United States: The Impact Of The Gig Economy On The Hospitality Industry

Last Updated: November 13 2017
Article by Lariza A. Hebert and Pamela Williams

What Is The Gig Economy?

When many employers hear the term “gig economy,” they immediately think of popular services such as Uber and Lyft. However, the gig economy reaches far beyond ride-sharing services. It impacts almost all industries, and even large, multinational corporations are becoming part of this burgeoning workforce development.

What is the gig economy exactly? The word “gig” is a term that originated with the music industry – musicians usually move from job to job and are hired to play on a per-gig basis. The gig economy is built on the concept of an employer hiring a worker for a particular task or a finite period of time, with no necessary ongoing connection to the business. And because just about everyone has a smartphone these days, there is a perfect digital platform to efficiently connect a consumer with a worker who has some free time on their hands.

Gig workers cover many industries and occupation groups. Jobs that are common in the gig economy include ride-sharing drivers, makeup artists, house painters, freelance photographers, appliance repairmen, and even pet-sitters.

Gig Workers In The Hospitality Industry

How does the gig economy affect the hospitality industry? Quite simply, the gig economy has already changed the hospitality industry in more ways than you think. People are spending more money on travel and restaurants – cue ride-sharing services such as Uber, food-delivery services such as GrubHub, and retail-delivery companies like Amazon.

In particular, ride-sharing services have helped increase business in the hospitality industry. Knowing they have a safe mode of transportation home via a ride-sharing service, some patrons may worry less about exceeding a specific drink limit, thereby offering consumers more flexibility. Further, gig staffing companies (such as Jobletics, Rota, and Wonolo) now provide hospitality businesses the ability to summon an hourly worker as easily as one would secure a ride from Uber. In this business model, hospitality establishments frequently post their shifts (“gigs”) and workers apply to fill the role. This process allows employers to pick up workers both on advanced notice and on a need-now basis. The gig workers are paid through the staffing company, not the employer, and the staffing company handles all HR functions such as payroll. Many of these staffing companies also allow gig workers to be on standby – which in turn, means less chance of under- or over-staffing.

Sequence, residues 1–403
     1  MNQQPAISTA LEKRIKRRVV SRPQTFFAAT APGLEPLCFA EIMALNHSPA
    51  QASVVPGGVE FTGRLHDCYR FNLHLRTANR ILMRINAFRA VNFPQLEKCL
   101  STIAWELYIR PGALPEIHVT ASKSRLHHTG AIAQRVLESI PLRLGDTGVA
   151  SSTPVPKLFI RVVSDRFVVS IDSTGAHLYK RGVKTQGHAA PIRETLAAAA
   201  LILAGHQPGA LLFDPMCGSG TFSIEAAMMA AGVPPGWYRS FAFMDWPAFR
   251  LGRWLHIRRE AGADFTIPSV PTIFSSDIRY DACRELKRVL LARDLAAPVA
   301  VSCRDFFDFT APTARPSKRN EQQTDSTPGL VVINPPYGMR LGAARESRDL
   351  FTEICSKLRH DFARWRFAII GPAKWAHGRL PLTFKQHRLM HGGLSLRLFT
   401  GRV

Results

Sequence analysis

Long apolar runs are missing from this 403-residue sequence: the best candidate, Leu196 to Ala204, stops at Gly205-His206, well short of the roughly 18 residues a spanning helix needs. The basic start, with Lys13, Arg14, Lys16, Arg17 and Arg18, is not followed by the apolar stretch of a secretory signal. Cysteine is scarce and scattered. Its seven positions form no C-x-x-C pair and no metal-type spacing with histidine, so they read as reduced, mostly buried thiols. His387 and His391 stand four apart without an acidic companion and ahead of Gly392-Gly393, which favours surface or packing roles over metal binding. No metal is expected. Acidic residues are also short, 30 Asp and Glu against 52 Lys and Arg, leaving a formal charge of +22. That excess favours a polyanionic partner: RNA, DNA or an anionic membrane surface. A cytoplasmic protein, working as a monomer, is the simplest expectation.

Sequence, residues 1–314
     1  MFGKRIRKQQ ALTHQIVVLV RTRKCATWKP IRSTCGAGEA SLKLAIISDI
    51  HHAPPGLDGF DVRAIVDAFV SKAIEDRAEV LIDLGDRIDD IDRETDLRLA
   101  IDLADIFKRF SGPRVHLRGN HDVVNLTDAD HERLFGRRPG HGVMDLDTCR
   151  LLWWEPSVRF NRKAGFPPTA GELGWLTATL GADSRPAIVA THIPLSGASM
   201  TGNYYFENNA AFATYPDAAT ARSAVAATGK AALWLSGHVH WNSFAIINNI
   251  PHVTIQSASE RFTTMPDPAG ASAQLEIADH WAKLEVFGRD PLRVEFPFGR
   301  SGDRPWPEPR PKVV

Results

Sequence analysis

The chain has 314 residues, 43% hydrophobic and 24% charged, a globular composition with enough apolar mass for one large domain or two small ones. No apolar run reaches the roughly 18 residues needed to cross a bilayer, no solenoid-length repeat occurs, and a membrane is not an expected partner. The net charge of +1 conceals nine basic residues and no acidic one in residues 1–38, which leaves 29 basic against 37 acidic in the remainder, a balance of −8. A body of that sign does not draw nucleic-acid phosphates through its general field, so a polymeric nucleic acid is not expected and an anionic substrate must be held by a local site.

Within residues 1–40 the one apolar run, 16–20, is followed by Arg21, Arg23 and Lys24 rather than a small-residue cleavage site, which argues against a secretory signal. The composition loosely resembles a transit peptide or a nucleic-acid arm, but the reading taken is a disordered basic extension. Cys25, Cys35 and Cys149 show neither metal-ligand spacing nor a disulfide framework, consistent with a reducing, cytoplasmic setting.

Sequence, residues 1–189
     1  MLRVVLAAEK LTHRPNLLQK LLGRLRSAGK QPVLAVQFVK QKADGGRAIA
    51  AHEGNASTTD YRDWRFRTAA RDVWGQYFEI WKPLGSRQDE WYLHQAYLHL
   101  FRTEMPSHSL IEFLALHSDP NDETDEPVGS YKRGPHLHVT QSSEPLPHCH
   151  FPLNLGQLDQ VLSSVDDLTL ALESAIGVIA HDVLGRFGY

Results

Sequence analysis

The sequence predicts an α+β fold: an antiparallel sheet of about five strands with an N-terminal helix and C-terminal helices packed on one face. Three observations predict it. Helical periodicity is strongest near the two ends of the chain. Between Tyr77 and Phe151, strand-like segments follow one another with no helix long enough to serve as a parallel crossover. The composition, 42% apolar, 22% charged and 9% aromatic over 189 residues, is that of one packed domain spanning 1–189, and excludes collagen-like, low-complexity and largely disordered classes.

Gig workers can be especially helpful in the hospitality industry when it comes to staffing for high and low seasons. For example, many wedding caterers are busier during the spring and fall than in the winter and summer. Embracing gig workers means hospitality employers only pay for workers when needed. The benefits of a gig workforce to the hospitality industry are obvious - employers do not need to maintain an unnecessary (and costly) labor force and workers have the flexibility to work when they choose.

The Common Problem Of Misclassification

As with employers in a traditional workforce model, a company that utilizes gig workers has the responsibility of ensuring compliance with all applicable state and federal wage and hour laws.  Hospitality employers must be cautious to avoid misclassification of gig workers under the nation’s main wage and hour law: the Fair Labor Standards Act (FLSA). This can be very challenging because regulations regarding this sector of the workforce are still evolving.